Ph.D Candidate, University of Alberta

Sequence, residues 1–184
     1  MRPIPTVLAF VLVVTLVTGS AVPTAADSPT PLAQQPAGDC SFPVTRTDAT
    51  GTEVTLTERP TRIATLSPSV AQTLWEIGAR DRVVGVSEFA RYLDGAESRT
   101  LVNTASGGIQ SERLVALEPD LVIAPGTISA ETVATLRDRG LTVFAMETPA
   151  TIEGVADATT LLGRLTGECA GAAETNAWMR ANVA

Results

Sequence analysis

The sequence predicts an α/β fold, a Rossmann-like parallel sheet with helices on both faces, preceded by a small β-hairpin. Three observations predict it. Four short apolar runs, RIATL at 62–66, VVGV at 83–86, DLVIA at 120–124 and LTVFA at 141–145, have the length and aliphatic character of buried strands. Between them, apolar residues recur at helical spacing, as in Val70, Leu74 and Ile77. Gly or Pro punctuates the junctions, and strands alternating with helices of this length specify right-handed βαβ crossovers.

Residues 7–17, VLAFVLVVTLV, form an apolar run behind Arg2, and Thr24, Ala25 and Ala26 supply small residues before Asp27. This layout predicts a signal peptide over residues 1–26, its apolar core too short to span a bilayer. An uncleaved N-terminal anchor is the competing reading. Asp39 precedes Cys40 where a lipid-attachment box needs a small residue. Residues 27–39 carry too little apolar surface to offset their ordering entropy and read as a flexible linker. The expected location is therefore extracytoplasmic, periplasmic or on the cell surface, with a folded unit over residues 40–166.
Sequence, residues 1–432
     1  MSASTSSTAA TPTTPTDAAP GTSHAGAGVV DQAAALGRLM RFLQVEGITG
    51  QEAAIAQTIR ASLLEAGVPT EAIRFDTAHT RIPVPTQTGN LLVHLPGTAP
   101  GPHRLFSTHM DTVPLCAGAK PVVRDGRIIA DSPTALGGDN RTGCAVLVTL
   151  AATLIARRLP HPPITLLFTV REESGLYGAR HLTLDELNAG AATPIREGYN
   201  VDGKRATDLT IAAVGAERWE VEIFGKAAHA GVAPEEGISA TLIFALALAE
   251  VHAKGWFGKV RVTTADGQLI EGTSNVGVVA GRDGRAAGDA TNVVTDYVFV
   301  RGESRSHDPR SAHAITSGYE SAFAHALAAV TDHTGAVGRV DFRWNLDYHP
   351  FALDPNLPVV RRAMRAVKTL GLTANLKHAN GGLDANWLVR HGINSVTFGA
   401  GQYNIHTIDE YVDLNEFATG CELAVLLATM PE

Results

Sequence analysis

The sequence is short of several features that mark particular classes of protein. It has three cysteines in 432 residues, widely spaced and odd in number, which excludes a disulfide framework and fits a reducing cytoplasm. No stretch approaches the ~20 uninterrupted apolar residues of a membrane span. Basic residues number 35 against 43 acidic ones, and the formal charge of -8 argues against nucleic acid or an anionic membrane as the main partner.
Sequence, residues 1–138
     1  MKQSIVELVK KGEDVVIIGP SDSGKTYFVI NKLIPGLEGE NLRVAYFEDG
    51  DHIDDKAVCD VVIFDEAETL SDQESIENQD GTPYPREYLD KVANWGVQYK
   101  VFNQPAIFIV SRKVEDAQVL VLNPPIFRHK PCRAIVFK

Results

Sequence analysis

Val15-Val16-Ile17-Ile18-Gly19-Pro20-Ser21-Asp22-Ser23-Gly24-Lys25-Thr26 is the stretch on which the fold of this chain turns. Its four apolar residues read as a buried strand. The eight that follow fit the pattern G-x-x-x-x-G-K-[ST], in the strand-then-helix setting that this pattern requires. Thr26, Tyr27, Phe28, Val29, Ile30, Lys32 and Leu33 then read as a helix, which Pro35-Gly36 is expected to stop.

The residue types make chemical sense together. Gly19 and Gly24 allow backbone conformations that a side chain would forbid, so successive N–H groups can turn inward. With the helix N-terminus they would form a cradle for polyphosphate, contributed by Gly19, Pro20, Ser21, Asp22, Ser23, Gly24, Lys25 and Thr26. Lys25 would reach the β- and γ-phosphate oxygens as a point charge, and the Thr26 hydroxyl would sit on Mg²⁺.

The ever-increasing world population and scarcity of water resources and land, drive researchers to devise ways to better utilize all available resources instead of simply disposing of things we no longer need. The poultry industry is also facing the challenge to produce high quality products that meet consumer needs, increase profit, and satisfy environmental regulations and laws. One area of increasing interest to packaging manufactures is the production of bioplastic for food packaging from renewable and sustainable waste resources. In Canada, every year more than 32 million birds are removed from the egg industries Spent hens are old laying hens, largely considered a by-product of poultry industry. The egg production cycle of spent hens is usually for one year. They are referred to as “spent hens” because they are no longer at their peak production of egg number and quality. Some of the spent hens are sold as cut-up parts (legs, breast and wings), whole bird, and ground meat. The spent hen has only 166 g of white meat which makes spent-hen processing no longer economically profitable. Further, their muscles become tough due to the formation of a high amount of collagen as they get old. So, the meat products made from a spent hen are not able to compete with broiler meat due to poor quality and low yield. The current disposal methods for spent hens which include burying, compositing, and incineration are often environmentally and economically infeasible. Finding alternatives to disposal that reduce pollution and are profitable is challenging for the poultry. The concept of recovering valuable protein components from spent hens and converting these proteins into food packaging material is one way to resolve the environmental and economic aspects of the spent hens’ issue. Turning the spent hen carcasses into biodegradable food packaging benefits the farmers, the environment, and the economy in general. In this study, proteins were extracted from spent hen with high recovery (74%) and purity (96%). For the preparation of proteins derived biomaterial for food packaging, different plasticizers and nanoparticles were used to improve the proteins based material strength and decrease their water attracting ability. These observations provided an important basis in the experimental design of high performance bionancomposite films for food packaging applications.